The Tribunal further found that ‘[the Claimants’] ability to negotiate their pay – try through their agents might [sic] – is in reality very strictly limited’. The contracts provided to the Claimants were entirely the creation of the Respondent and were applied indiscriminately to all performers. The Tribunal found that ‘there is, as the Claimants submit, a vast degree of inequality of bargaining power between them and the Respondents.’

In relation to the argument that the Claimants fell within the ‘customer or client’ exception on account of their self-marketing, the Tribunal held that ‘I consider it is a facet of the acting industry that performers are forced to market themselves through Spotlight, as members of Equity and/or using agents if they are to have any prospect of securing roles. They are not doing so to progress a business that they have established. They are dependent on the production companies for whom they work and cannot “look after themselves in relevant respects”’ quoting from Byrne Brothers (Formwork) v Baird & Others [2002] ICR 667. The Tribunal further held that the Claimants’ self-marketing was akin to using any recruitment website or engaging an employment consultant or head-hunter.

Hence, the Tribunal was not satisfied that the Claimants were in business on their own account notwithstanding their status for taxation purposes. The Tribunal held further that, in any event, even if the Claimants were in business on their own account, they were recruited to work for the Respondent as an integral part of the production which the Respondent had chosen.

The Tribunal accepted the Claimants’ submission that they were thoroughly integrated into the Respondent’s operations for the period of their engagement. As put by the Tribunal, ‘they are not providing a performance, ready-made by them, to a venue as might be the case with a stand-up comedian or singer, for instance. They are not a “one-person show”. Each of them performs within the projects of others and is integrated into each project because the underlying aim of the project is precisely to convey that they are part of the whole.’

As to the length of the engagement, the Tribunal accepted the Claimants’ submission that the length of the engagement was a by-product of the length of the season and should not militate away from finding that there was overall integration. The Tribunal held that the length of the engagements ‘does not bring them within the circumstances of a “short-term assignment” identified by Underhill LJ in Secretary of State for Justice v Windle and Arada [2016] ICR 721’.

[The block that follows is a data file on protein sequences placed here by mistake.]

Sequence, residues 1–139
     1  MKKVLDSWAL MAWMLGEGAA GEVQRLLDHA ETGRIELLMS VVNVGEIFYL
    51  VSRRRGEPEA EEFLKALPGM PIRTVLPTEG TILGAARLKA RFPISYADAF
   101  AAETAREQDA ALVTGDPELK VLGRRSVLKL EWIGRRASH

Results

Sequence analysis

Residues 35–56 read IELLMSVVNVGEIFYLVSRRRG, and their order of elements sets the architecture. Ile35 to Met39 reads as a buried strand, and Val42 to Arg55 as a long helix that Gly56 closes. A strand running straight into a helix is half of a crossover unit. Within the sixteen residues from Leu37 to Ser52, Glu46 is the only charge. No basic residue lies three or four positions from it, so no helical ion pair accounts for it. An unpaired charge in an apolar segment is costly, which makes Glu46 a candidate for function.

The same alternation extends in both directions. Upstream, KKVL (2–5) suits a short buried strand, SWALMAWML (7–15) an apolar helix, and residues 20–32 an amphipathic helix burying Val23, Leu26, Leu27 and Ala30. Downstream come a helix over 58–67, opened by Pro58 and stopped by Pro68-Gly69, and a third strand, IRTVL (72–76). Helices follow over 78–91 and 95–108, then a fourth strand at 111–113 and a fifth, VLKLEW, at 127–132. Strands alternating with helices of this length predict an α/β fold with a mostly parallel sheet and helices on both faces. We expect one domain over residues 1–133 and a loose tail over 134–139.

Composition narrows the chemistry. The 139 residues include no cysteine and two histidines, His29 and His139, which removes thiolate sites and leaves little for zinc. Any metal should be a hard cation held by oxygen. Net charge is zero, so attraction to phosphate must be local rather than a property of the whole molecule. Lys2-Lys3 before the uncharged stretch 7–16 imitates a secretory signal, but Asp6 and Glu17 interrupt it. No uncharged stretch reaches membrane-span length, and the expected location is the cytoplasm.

Accordingly, the Tribunal in declaring that the Claimants were limb (b) workers concluded as follows:

It is hence entirely unrealistic to suggest that the Respondents, or any of them, are the “client or customer” of the Claimants. The Second Respondent is the largest pantomime production company in the world. The Claimants are each individual performers, seeking to make a living from their performance skills. The Respondent’s marketing efforts through publicity, as set out above, generates the audience for the productions in which the Claimants appear, but under the Contract, the Claimants have no independent right to the shows or even their own associated publicity, before or during the run or even for some time afterwards. They are in a very similar position to Dr Westwood in his claim against Hospital Medical Group [Hospital Medical Group v Westwood [2012] ICR 415 CA]’.


Although only a first instance judgment, this ruling has significant implications for the use of the self-employed contractor model in the theatre industry, and opens the way for other potential claims by actors, dancers, stage managers and other creative workers engaged under similar arrangements.

It moreover has significant implications for the Respondents, which engage on their own account over 1,000 such individuals each pantomime season.

Press coverage:

The Stage, ‘Performers win landmark holiday-pay ruling against Qdos Pantomimes’ (behind paywall)

Alex Shellum acted for the successful Claimants, supported throughout by their trade union Equity. Alex was instructed by Emily Bradshaw and Patrick O’Donovan of Pattinson & Brewer